Suicide: Suicide (Bloomsbury 33 1/3 Series)
Author: Andi Coulter
New York City in the 1970s was an urban nightmare: destitute, dirty, and dangerous. As the country collectively turned its back on the Big Apple, two musical vigilantes rose out of the miasma. Armed only with amplified AC current, Suicide’s Alan Vega and Marty Rev set out to save America’s soul. Their weaponized noise terrorized unsuspecting audiences. Suicide could start a riot on a lack of guitar alone. Those who braved their live shows often fled in fear–or formed bands (sometimes both). This book attempts to give the reader a front-row seat to a Suicide show.
Andi Coulter has pulled off a neat trick; through the course of her examination of the self-titled debut album from Suicide she has not only been able to provide an access point to this most difficult of musical creations, but to arguably provide a companion piece to the weighty Kris Needs book ‘Dream Baby Dream: Suicide: A New York City Story’.
Initially formed in the early 70’s by Alan Vega and jazz experimentalist Martin Rev, essentially as an artistic protest at the US involvement in the Vietnam War. By the time they were linked to the cities emerging CGGB’s punk scene Suicide were already seasoned antagonists; Vega stated to Kris Needs “We were living through the realities of war and bringing the war onto the stage… Everybody hated us”. Let’s not forget, this is the band the Clash took out as support for their 1978 ‘Out On Parole’ tour – they were hated by audiences, Vega revelled in the crowds distress, openly taunting them; in Glasgow an axe was throw from the crowd at his head!
Despite this Suicide have gone on to be considered one of the most influential bands of all time; Bruce Springsteen created his ‘Nebraska’ album with the band in mind and later covered ‘Dream Baby Dream’, a song he continues to perform live. When Vega passed away in 2016 Springsteen wrote a eulogy “The blunt force power of his greatest music both with Suicide and on his solo records can still shock and inspire today”. Other artists to both cite influence and cover material include The Horrors, M.I. A, Primal Scream, and SUNN O))).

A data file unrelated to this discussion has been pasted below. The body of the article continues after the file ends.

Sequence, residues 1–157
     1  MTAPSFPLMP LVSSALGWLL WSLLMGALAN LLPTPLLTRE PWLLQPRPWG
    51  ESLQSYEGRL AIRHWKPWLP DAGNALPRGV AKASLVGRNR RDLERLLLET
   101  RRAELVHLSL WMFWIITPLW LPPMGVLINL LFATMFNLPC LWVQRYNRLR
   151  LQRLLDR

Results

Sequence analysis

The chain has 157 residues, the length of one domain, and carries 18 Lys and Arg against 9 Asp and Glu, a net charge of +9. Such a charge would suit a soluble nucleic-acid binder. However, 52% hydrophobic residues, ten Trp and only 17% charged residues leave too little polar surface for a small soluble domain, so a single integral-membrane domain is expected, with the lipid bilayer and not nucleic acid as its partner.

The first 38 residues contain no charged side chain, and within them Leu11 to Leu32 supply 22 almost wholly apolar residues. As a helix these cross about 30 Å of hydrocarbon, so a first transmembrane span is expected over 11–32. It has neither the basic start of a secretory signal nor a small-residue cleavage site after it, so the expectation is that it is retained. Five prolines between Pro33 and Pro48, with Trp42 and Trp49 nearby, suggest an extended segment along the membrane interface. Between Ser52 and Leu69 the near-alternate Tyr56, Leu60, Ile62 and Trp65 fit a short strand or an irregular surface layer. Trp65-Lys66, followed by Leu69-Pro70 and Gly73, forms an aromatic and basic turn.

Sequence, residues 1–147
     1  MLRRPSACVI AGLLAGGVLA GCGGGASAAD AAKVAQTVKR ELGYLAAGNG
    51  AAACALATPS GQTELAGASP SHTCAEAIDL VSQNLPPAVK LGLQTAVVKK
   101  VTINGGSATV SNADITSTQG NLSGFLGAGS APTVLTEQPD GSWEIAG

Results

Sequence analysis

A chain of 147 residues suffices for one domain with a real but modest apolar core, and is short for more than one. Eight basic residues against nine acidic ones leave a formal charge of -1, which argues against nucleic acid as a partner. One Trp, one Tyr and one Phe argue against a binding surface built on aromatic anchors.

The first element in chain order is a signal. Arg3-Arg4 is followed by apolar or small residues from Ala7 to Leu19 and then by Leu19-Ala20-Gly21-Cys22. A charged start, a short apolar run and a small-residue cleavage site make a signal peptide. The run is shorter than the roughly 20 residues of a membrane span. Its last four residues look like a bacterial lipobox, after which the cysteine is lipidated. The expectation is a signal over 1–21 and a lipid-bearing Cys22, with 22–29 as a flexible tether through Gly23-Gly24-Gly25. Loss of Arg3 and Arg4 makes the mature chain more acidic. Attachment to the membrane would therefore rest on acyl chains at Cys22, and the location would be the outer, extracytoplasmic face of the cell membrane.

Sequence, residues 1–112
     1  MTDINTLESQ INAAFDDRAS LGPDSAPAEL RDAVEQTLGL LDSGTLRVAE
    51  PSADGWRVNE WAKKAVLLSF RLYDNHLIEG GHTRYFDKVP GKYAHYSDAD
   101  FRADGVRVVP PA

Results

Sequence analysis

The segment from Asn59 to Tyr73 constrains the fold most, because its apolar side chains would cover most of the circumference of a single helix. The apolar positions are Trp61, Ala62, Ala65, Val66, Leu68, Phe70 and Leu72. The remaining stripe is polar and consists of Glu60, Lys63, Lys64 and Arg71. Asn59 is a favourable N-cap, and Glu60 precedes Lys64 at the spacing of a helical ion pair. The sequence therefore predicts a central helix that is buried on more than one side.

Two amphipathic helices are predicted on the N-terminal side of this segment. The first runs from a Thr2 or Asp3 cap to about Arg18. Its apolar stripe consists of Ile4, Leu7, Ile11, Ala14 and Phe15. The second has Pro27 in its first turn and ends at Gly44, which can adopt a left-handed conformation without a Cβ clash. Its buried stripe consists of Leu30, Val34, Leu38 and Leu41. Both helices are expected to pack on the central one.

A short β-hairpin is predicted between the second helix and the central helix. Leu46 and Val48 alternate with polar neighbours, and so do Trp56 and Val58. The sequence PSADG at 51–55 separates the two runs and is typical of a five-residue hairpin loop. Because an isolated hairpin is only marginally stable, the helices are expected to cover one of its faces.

Coulter, without becoming bogged down in the minutia details Martin Rev’s jazz background, his tutelage under Lennie Tristano, and his earliest live performances with the band Reverend B, whilst at the same time shining light on how Vega (by reason of insanity) dodged the Vietnam draft, ditched his birth name of Alan Bermowitz and transformed into Alan Vega, artist and how a chance meeting in Manhattan would influence modern music for the next 50 years.
Coulter essentially coveys the history of the band in a semi-fictionalised manner, that is the freedom that Bloomsbury allow the authors of its 33 1/3 series. The book is accurate, bar the strand at each chapter beginning linking the band name with the Stan Lee authored Ghost Rider stories – everything else is there, how Marty Thau signed them to his fledgling Red Star label before transporting Suicide to Ultima Studios to capture (in just four hours) the bands set under the production of Craig Leon who is quoted as describing the sound as “the future of music”.
The conversational recounting of the band’s first trip to Europe and the UK, makes for easy reading, how a 16-year old Bobby Gillespie witnessed the band and described the sound “as music from another planet” – but, certainly for my own analytical mindset it rather glosses over for instance how the band achieved UK and European release of the album, the reaction from record buyers – just how many copes did the album sell upon release? None of this detracts from the overall aim of the book, which Coulter notes is “a book for people who love Suicide, and maybe even more for those who don’t”
The text is accessible, the neat compact size of the book is a delight, it’s a book that could be read over a couple of commutes; and as we approach Christmas Day it would form an ideal gift for any inquisitive music lover.
Buy “Suicide” and other Suicide releases via LTW affiliate Sister Ray Records
More writing by Phil can be found at his Louder Than War Author’s Archive